Individuals who become eligible for Social Security must also decide whether or not to enroll in Medicare. For most individuals, there is no cost for Medicare Part A. Medicare Part B is optional, but its cost may include a penalty for late enrollment. To avoid the cost of late enrollment, individuals eligible for Social Security may need to consider enrolling in Medicare Part B when it first becomes available.
Medicare Part A and Medicare Part B are the original Medicare components. Medicare Part A provides coverage for hospital stays and hospice care. Medicare Part B covers expenses for doctor visits and outpatient medical services. The choice of when to enroll in Medicare Part B depends largely on whether or not you have other health coverage when you first become eligible for Social Security.
Eligibility for Free Medicare Part A
Medicare Part A is essentially free for individuals whose employment history makes them eligible for Social Security. As a result, most people who are eligible for Social Security enroll in Medicare Part A. Unless you have other insurance coverage for doctor visits, the potential penalty provides incentive to enroll in Medicare Part B at the same time you enroll in Medicare Part A.
Late Enrollment Penalty for Medicare Part B
Although there are exceptions, the cost of Medicare Part B rises 10 percent for each 12-month period that enrollment is delayed beyond the time of initial eligibility. The late enrollment penalty is permanent and remains in effect as long as you maintain Medicare Part B. The penalty is generally not applicable if you have other continuous health coverage up until the time you enroll in Medicare Part B.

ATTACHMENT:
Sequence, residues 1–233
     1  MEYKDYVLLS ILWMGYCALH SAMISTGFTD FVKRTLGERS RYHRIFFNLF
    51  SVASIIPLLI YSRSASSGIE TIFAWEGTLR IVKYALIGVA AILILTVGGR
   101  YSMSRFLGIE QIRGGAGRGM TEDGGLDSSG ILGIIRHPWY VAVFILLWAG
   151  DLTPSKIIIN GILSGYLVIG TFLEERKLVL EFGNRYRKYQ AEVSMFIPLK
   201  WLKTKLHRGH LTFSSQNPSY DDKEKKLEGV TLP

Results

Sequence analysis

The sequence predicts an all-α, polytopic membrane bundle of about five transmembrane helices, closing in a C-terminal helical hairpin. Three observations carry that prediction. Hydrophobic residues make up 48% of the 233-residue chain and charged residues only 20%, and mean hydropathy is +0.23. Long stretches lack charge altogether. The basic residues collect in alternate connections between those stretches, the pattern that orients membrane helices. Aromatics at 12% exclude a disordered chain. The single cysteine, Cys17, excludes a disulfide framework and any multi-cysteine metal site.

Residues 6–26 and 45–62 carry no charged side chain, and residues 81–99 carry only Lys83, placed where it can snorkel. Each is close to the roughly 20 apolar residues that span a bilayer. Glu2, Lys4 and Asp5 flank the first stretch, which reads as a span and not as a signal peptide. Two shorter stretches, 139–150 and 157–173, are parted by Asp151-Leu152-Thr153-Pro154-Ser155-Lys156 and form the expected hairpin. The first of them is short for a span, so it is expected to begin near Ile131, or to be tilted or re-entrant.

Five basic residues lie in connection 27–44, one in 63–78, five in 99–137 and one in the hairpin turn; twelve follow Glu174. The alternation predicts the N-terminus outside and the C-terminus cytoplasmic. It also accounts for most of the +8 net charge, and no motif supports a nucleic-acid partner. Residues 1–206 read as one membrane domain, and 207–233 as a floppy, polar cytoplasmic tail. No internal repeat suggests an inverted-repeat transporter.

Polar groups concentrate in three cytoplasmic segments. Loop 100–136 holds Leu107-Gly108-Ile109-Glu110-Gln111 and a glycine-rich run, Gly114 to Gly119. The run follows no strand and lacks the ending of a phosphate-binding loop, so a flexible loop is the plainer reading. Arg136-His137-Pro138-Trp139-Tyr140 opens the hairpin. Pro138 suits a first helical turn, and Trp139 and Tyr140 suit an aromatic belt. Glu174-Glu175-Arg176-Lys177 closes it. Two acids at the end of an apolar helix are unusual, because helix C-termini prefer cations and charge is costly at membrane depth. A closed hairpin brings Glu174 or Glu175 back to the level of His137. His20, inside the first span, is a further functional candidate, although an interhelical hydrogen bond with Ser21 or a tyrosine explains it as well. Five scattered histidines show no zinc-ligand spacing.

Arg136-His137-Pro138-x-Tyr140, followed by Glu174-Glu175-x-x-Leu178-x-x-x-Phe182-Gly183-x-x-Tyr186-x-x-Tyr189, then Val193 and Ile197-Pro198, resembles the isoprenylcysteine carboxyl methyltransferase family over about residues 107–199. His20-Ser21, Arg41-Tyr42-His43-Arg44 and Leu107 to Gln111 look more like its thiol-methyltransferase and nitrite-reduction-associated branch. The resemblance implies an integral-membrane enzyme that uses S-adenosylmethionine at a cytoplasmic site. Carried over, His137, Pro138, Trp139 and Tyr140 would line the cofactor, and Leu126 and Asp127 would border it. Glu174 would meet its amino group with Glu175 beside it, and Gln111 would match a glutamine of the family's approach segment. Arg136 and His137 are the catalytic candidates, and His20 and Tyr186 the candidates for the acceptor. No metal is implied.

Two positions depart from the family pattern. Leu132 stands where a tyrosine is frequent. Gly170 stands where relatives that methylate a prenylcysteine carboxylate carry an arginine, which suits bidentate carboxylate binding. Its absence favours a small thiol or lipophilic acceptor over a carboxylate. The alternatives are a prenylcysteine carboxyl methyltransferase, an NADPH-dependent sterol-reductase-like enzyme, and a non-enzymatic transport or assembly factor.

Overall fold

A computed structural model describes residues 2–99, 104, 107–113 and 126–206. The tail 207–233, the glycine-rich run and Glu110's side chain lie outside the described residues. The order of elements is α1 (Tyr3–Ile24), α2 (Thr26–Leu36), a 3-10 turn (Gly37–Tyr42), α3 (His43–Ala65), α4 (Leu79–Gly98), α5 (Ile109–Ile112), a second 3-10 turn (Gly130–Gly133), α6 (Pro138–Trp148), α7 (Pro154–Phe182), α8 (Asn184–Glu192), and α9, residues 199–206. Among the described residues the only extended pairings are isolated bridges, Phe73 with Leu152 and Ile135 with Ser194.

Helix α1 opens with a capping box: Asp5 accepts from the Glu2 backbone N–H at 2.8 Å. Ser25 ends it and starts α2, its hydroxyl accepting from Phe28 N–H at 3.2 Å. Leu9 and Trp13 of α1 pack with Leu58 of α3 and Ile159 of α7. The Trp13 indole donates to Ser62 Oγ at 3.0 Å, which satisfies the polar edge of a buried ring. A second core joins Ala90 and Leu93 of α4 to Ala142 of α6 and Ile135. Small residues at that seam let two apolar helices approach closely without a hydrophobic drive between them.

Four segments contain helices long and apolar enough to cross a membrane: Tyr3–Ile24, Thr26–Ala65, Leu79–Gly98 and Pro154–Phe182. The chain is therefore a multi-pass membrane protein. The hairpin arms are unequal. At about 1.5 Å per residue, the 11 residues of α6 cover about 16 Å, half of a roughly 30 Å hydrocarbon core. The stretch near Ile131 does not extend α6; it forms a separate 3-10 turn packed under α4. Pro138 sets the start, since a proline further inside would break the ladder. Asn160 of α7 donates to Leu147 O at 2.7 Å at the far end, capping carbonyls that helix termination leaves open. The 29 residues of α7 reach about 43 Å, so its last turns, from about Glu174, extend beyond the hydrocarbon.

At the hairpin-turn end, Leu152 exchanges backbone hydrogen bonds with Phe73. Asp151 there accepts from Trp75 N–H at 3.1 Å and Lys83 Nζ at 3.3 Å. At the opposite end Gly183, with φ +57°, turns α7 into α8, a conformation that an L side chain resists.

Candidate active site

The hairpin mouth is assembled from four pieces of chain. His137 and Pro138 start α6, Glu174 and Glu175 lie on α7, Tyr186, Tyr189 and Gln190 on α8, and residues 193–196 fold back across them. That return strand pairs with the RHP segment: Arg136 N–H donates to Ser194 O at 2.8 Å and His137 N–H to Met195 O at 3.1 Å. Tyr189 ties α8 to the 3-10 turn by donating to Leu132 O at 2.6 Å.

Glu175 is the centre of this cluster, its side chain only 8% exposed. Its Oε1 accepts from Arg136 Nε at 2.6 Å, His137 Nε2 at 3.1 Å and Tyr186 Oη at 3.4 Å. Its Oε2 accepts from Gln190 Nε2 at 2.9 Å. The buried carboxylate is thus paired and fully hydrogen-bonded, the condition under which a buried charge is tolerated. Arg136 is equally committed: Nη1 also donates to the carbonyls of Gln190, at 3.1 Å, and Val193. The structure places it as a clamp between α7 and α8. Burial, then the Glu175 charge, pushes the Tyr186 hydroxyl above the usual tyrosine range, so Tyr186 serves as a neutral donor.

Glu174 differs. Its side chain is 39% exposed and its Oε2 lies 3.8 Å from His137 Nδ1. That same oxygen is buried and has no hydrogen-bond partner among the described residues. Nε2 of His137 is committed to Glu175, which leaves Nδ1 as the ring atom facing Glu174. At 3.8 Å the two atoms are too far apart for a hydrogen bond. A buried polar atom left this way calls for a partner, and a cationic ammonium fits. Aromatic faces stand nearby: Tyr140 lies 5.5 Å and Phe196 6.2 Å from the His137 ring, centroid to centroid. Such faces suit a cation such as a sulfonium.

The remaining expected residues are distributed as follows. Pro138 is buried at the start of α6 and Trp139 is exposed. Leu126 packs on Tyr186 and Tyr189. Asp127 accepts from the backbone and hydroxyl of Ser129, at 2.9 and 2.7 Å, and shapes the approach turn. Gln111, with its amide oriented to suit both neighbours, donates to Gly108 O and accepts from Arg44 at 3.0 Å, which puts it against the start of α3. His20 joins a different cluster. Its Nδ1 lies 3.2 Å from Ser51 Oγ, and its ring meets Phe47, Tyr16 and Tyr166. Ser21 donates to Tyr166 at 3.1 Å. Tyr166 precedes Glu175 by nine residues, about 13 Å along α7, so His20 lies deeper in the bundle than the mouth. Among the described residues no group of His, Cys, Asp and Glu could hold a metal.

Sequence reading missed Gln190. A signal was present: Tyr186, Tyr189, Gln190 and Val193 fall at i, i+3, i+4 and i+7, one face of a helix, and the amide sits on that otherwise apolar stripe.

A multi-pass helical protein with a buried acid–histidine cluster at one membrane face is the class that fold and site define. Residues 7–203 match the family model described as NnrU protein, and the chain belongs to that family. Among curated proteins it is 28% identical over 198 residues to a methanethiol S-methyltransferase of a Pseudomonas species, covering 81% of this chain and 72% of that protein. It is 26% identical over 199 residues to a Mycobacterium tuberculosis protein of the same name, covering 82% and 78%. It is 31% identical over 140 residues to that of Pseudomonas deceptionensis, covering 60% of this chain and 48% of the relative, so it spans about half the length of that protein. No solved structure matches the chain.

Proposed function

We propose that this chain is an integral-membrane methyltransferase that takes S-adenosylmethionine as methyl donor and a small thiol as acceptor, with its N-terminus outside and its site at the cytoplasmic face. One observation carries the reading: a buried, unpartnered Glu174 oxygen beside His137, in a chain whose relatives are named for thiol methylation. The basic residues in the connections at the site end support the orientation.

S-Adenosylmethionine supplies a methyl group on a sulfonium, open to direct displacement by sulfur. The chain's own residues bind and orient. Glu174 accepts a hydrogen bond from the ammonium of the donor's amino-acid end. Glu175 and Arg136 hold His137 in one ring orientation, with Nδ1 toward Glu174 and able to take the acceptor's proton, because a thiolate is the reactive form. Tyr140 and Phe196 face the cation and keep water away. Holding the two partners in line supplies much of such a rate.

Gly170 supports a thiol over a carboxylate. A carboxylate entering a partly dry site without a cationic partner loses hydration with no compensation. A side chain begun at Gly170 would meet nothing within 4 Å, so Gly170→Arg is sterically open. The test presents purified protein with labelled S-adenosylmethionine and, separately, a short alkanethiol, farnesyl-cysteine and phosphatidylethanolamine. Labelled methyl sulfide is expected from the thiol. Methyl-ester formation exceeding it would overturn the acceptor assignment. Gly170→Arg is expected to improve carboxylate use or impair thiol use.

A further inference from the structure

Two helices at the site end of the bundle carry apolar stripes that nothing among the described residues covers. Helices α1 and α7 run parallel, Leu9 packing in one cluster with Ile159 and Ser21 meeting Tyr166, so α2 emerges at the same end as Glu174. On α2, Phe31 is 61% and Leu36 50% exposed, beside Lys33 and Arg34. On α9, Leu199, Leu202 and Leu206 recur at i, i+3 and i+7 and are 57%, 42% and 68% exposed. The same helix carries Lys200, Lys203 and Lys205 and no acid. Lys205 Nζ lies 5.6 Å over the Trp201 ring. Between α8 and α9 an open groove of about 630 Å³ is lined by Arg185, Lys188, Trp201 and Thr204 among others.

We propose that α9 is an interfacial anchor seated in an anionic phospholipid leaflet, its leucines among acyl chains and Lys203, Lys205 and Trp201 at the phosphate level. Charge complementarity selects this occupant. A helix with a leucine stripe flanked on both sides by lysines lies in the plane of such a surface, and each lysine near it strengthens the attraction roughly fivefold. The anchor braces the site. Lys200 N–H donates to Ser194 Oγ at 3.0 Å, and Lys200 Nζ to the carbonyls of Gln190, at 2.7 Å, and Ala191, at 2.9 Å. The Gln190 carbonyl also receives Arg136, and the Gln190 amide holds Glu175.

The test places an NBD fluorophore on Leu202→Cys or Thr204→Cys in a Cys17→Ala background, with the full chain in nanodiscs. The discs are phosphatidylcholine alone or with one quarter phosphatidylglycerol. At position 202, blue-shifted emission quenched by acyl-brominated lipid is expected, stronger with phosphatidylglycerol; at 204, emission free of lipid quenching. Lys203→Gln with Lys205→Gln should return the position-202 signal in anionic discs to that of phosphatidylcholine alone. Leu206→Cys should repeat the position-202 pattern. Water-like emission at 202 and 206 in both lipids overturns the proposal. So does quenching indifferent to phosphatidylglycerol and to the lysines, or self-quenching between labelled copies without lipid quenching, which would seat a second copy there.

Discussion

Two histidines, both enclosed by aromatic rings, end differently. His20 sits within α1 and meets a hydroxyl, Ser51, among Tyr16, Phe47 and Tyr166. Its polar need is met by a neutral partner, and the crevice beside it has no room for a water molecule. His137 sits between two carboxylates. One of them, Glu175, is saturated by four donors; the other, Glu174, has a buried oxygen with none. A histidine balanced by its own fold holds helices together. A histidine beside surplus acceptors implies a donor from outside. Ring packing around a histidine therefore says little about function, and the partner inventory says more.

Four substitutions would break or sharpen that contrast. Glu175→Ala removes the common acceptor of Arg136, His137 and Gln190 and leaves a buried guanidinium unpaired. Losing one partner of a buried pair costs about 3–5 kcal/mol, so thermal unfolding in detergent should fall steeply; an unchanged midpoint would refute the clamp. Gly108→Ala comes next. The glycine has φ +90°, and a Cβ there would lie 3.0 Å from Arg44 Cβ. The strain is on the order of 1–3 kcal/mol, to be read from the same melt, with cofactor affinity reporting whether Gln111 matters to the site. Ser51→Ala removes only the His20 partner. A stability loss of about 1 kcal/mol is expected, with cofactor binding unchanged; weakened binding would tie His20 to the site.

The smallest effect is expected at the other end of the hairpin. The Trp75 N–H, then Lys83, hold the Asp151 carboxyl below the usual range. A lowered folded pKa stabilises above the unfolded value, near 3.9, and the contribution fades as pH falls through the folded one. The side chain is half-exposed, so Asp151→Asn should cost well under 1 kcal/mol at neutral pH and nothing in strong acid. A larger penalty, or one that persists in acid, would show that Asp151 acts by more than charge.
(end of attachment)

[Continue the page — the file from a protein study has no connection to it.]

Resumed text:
Part B Co-Payments
Medicare Part B does not cover the full cost of medical care. Your co-payment is 20 percent of the cost. The co-payment requirement is what provides the incentive for individuals to obtain a Medicare supplement policy. Many Medicare enrollees obtain a supplement policy to coincide with their initial enrollment in Medicare.
Part B Annual Deductible
In addition to the required co-payments, there is an annual Medicare Part B deductible amount. Medicare Part B starts to cover outpatient medical expenses after you have paid out the deductible. Some Medicare supplement policies cover both the deductible and the co-payments.
There are several different Medicare supplement plans available, each with its own level of coverage. An insurance representative, such as from Senior Advisors, can help you decide which plan works best for you.